Was Gortsby proven wrong in his belief that he could read people well?

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Norman Gortsby always prided himself on his incredible ability to read people. As he sits on a park bench in Hyde Park each evening, he watches the massed ranks of humanity going by and jumps to conclusions about what kind of people they are and what kind of lives they lead. There's an air of smug self-satisfaction about Gortsby, who seems to think he possesses some kind of magic power in reading people and their motivations.

When the young man sits next to him on the park bench, it seems that Gortsby's remarkable—but self-assessed—record of judgement will continue. By a process of deduction that would impress Sherlock Holmes, he arrives at the conclusion that the young man is a con-artist trying to cheat him. The young man's story about losing his hotel and his bar of soap on the same day is plainly ridiculous, and so Gortsby, full of himself as always, refuses to hand over any money.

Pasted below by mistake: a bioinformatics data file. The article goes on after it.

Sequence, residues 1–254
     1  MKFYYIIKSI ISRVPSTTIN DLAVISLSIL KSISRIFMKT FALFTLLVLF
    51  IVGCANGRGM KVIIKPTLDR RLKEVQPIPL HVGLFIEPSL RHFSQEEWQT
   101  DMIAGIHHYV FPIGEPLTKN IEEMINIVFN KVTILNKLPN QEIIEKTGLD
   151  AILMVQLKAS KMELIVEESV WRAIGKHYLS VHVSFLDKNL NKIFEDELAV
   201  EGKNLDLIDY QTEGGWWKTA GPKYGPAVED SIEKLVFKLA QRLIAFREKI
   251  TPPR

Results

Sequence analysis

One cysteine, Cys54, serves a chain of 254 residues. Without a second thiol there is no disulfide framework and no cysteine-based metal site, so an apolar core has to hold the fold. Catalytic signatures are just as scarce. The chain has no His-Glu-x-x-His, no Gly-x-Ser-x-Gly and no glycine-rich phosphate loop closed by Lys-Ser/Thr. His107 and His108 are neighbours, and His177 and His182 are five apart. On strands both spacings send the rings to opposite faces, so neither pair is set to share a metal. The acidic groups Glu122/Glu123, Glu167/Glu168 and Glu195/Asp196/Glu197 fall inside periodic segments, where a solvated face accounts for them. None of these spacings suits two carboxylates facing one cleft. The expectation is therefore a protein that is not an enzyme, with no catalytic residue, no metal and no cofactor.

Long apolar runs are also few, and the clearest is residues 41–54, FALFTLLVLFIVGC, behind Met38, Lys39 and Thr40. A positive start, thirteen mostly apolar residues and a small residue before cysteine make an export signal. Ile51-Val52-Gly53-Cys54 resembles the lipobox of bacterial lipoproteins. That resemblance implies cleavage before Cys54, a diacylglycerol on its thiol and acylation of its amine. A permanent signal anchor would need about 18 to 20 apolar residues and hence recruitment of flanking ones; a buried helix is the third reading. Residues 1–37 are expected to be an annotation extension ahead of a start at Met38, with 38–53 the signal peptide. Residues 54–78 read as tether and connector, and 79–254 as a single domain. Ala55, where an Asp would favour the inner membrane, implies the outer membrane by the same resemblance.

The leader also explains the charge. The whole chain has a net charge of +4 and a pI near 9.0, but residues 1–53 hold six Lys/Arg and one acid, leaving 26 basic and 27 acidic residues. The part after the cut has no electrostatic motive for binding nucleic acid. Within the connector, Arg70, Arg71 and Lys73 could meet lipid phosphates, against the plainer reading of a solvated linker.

However, after the young man trudges off, disappointed, Gortsby sees a block of soap lying on the ground, indicating that the young man was telling the truth after all. Gortsby runs after him, and when he catches up to the young man apologizes for doubting his story earlier and loans him some money.

Yet Gortsby's talent for reading people has failed him, because the young man really was a con-artist after all, and the bar of soap belonged to someone else. The problem is that Gortsby's supposed talent for reading people has never really tested up until now. But now that it has been, it's been found wanting.

Last Updated by eNotes Editorial on
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